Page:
Probably has to do with the size and scope — these meetings will be smaller and more focused on the work I do from day to day. And while the agenda is full, it’s not full of racing around a conference center to get from place to place, making sure I have gathered all my crap and carried it with me (I misplaced my PDA twice, this trip, which I’ve never done before). Plus, I’ll be able to swim after the meetings next week — I couldn’t do that this past week, and I’m definitely feeling the absence. There’s a lake on my way to work, where I can stop and swim on my way in, this morning. Not a long swim – just a quick dip, really.

Man, am I exhausted. I’m just realizing this now. But it’s fine. Because I have an open day ahead of me, and I’m just glad to be getting back to some semblance of routine — including checking in with this blog on a regular basis. Not being able to do this regularly really puts a dent in my daily contentment. I’m back now, though, for the next three days, so I’m feeling much better now.

Thinking about all the trepidation I had about these meetings this past week – a big part of what was worrying me was tied to my physical health. Would I be able to keep up? Would I be able to manage my sensory issues? Would I be able to keep cool, when all the stimuli and the sound and the activity was distracting me beyond belief? All those things happened to me — I was put in a room full of people and we did a “round robin” where we all talked to someone different for 5 minutes, before moving on to the next. The room got progressively louder and louder… it was harder and harder for me to hear. I was really struggling at the end. But I kept cool. I did my deep breathing. I reminded myself that others couldn’t hear and understand as well, either. And the event passed without significant incident.

Same thing with the long sessions I had to sit through. I just got so antsy in that room filled with 100s of people, and I couldn’t follow what the hell was going on. But I chilled. And took intermittent breaks to check my email on my PDA, when there wasn’t something critical on the screen in front of me.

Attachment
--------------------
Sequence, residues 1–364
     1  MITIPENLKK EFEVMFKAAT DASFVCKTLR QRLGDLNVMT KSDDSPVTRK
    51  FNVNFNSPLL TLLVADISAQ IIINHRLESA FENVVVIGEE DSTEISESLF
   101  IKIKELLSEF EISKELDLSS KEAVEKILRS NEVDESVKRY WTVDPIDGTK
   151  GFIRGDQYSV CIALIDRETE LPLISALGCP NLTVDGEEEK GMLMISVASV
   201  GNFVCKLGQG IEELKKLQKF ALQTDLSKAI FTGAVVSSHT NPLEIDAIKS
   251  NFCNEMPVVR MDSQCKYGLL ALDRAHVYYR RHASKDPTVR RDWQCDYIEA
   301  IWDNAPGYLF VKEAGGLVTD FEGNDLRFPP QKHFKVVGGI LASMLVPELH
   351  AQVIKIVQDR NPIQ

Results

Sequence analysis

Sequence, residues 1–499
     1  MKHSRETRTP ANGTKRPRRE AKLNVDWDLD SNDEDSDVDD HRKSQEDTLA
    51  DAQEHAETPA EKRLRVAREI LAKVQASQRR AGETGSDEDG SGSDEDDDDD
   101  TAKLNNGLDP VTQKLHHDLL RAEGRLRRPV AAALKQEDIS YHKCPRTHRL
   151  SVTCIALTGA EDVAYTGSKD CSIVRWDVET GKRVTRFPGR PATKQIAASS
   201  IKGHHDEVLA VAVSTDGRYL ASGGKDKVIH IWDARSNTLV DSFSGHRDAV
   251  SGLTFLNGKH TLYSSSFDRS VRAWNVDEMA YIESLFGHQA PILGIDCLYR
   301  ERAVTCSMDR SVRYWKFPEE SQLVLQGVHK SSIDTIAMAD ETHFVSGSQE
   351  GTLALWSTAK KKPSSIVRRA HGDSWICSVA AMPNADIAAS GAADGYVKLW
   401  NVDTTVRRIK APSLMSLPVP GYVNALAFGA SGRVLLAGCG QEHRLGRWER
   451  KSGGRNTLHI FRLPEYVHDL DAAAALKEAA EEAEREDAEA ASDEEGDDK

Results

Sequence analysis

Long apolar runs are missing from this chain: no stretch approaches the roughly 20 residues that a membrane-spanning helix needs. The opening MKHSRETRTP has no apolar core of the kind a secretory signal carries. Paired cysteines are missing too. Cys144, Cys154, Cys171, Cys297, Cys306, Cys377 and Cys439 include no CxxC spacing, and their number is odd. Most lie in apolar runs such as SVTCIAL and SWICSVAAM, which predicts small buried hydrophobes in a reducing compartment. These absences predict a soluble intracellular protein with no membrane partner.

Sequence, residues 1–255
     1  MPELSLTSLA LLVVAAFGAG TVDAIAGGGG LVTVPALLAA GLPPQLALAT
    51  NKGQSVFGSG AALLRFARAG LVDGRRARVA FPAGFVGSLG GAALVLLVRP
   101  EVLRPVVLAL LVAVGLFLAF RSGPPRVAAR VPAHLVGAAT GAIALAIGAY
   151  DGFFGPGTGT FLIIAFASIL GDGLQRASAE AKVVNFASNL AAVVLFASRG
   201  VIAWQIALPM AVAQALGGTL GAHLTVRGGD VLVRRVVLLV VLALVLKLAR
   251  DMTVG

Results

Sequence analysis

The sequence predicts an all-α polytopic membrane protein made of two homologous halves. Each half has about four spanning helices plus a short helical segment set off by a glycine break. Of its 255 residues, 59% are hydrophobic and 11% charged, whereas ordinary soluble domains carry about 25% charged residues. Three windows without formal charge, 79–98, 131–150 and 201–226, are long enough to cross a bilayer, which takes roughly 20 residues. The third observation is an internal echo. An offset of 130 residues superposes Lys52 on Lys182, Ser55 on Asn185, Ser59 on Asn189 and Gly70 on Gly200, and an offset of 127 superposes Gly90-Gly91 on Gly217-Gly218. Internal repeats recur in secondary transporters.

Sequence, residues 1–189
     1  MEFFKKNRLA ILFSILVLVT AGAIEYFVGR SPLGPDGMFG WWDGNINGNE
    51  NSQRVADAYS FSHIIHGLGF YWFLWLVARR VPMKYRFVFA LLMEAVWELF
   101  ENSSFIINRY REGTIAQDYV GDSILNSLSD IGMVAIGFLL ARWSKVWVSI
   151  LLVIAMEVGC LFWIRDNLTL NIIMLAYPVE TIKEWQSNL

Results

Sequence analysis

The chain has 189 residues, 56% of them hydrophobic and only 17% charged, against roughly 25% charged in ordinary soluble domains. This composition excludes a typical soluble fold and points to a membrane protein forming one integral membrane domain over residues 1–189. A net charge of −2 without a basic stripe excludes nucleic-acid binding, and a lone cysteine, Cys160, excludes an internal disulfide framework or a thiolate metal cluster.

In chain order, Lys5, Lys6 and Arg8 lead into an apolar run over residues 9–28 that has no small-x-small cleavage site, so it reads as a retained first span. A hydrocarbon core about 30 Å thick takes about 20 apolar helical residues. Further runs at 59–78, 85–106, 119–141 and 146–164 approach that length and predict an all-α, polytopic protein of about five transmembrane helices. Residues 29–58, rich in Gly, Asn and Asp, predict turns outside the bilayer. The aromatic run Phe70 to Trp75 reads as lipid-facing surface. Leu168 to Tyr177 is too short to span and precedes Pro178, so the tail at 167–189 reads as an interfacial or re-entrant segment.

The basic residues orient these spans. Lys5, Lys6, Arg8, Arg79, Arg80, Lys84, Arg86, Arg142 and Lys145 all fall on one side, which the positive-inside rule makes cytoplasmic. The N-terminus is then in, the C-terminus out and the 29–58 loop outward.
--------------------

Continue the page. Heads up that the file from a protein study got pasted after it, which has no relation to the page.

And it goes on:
I also paced myself and took breaks when I needed to. I drank a LOT of water — which required regular trips to the rest room. I highly recommend that strategy for anyone who has marathon meetings to go to — drink tons of water, which will keep your brain hydrated, and it will also get you up out of your seat on a regular basis. If I hadn’t drunk all that water, I might very well have sat in place like I was glued there, getting more and more overwhelmed by the experience. I also kept clear of the caffeine and did my usual 2 cups a day — one in the a.m. with breakfast, one later in the afternoon when I was about to fall over.

One of the things that helped, was that I wasn’t the only one who was struggling at times. There were a number of other people who confided in me that they were really struggling, too. The breakneck pace, the constant interaction, the sheer mass of information that was packed into four days… it wore a lot of folks down. So I wasn’t the only one.

There were a couple of things I might have done differently, but in the end, it all turned out okay. I had another extended experience of being able to deal with overwhelming circumstances without losing it. And I came away with a sense of things being, well, okay.

Even if I am leaving the company… even if I am on my way out… it had its productive moments, and I don’t regret going.